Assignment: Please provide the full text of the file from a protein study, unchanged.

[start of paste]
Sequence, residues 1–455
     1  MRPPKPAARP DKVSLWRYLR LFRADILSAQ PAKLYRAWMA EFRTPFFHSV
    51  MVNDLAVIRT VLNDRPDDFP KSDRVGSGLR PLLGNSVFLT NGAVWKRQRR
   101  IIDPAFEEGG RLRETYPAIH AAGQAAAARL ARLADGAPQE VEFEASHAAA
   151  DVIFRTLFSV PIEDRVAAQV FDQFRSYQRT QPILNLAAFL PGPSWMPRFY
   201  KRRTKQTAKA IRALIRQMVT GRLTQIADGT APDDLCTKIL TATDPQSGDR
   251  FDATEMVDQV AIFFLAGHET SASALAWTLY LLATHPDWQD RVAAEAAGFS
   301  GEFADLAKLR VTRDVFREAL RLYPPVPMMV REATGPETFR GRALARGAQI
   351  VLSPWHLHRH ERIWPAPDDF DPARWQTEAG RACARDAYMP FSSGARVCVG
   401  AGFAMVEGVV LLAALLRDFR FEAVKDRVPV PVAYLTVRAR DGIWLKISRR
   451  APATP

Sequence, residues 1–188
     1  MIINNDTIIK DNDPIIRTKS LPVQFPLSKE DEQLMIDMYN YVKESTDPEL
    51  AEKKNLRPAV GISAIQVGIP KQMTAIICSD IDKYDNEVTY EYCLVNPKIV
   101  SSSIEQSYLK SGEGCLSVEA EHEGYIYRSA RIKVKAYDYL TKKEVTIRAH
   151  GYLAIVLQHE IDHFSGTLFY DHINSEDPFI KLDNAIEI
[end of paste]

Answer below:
Sequence, residues 1–455
     1  MRPPKPAARP DKVSLWRYLR LFRADILSAQ PAKLYRAWMA EFRTPFFHSV
    51  MVNDLAVIRT VLNDRPDDFP KSDRVGSGLR PLLGNSVFLT NGAVWKRQRR
   101  IIDPAFEEGG RLRETYPAIH AAGQAAAARL ARLADGAPQE VEFEASHAAA
   151  DVIFRTLFSV PIEDRVAAQV FDQFRSYQRT QPILNLAAFL PGPSWMPRFY
   201  KRRTKQTAKA IRALIRQMVT GRLTQIADGT APDDLCTKIL TATDPQSGDR
   251  FDATEMVDQV AIFFLAGHET SASALAWTLY LLATHPDWQD RVAAEAAGFS
   301  GEFADLAKLR VTRDVFREAL RLYPPVPMMV REATGPETFR GRALARGAQI
   351  VLSPWHLHRH ERIWPAPDDF DPARWQTEAG RACARDAYMP FSSGARVCVG
   401  AGFAMVEGVV LLAALLRDFR FEAVKDRVPV PVAYLTVRAR DGIWLKISRR
   451  APATP

Sequence, residues 1–188
     1  MIINNDTIIK DNDPIIRTKS LPVQFPLSKE DEQLMIDMYN YVKESTDPEL
    51  AEKKNLRPAV GISAIQVGIP KQMTAIICSD IDKYDNEVTY EYCLVNPKIV
   101  SSSIEQSYLK SGEGCLSVEA EHEGYIYRSA RIKVKAYDYL TKKEVTIRAH
   151  GYLAIVLQHE IDHFSGTLFY DHINSEDPFI KLDNAIEI